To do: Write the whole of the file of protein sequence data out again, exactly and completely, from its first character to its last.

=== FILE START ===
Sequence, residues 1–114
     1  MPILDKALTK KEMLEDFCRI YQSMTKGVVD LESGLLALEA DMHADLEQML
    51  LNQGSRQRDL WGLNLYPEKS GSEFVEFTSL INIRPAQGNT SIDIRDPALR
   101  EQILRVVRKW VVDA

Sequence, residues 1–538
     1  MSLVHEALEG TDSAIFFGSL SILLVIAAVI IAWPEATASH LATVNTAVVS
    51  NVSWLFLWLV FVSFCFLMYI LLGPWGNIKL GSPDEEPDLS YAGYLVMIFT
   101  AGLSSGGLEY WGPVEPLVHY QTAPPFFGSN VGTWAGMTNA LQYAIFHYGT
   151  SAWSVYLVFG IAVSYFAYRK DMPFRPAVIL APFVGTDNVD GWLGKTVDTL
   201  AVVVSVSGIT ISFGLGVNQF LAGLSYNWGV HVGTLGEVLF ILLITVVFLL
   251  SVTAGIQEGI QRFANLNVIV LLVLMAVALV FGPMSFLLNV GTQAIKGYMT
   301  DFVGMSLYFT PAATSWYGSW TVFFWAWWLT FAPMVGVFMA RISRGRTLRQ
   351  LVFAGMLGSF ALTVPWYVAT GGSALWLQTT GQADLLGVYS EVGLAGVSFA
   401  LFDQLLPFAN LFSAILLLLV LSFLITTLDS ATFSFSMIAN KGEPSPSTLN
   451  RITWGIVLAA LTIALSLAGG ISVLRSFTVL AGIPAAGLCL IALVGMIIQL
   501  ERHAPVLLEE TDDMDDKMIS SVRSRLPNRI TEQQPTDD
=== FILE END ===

Sequence, residues 1–114
     1  MPILDKALTK KEMLEDFCRI YQSMTKGVVD LESGLLALEA DMHADLEQML
    51  LNQGSRQRDL WGLNLYPEKS GSEFVEFTSL INIRPAQGNT SIDIRDPALR
   101  EQILRVVRKW VVDA

Sequence, residues 1–538
     1  MSLVHEALEG TDSAIFFGSL SILLVIAAVI IAWPEATASH LATVNTAVVS
    51  NVSWLFLWLV FVSFCFLMYI LLGPWGNIKL GSPDEEPDLS YAGYLVMIFT
   101  AGLSSGGLEY WGPVEPLVHY QTAPPFFGSN VGTWAGMTNA LQYAIFHYGT
   151  SAWSVYLVFG IAVSYFAYRK DMPFRPAVIL APFVGTDNVD GWLGKTVDTL
   201  AVVVSVSGIT ISFGLGVNQF LAGLSYNWGV HVGTLGEVLF ILLITVVFLL
   251  SVTAGIQEGI QRFANLNVIV LLVLMAVALV FGPMSFLLNV GTQAIKGYMT
   301  DFVGMSLYFT PAATSWYGSW TVFFWAWWLT FAPMVGVFMA RISRGRTLRQ
   351  LVFAGMLGSF ALTVPWYVAT GGSALWLQTT GQADLLGVYS EVGLAGVSFA
   401  LFDQLLPFAN LFSAILLLLV LSFLITTLDS ATFSFSMIAN KGEPSPSTLN
   451  RITWGIVLAA LTIALSLAGG ISVLRSFTVL AGIPAAGLCL IALVGMIIQL
   501  ERHAPVLLEE TDDMDDKMIS SVRSRLPNRI TEQQPTDD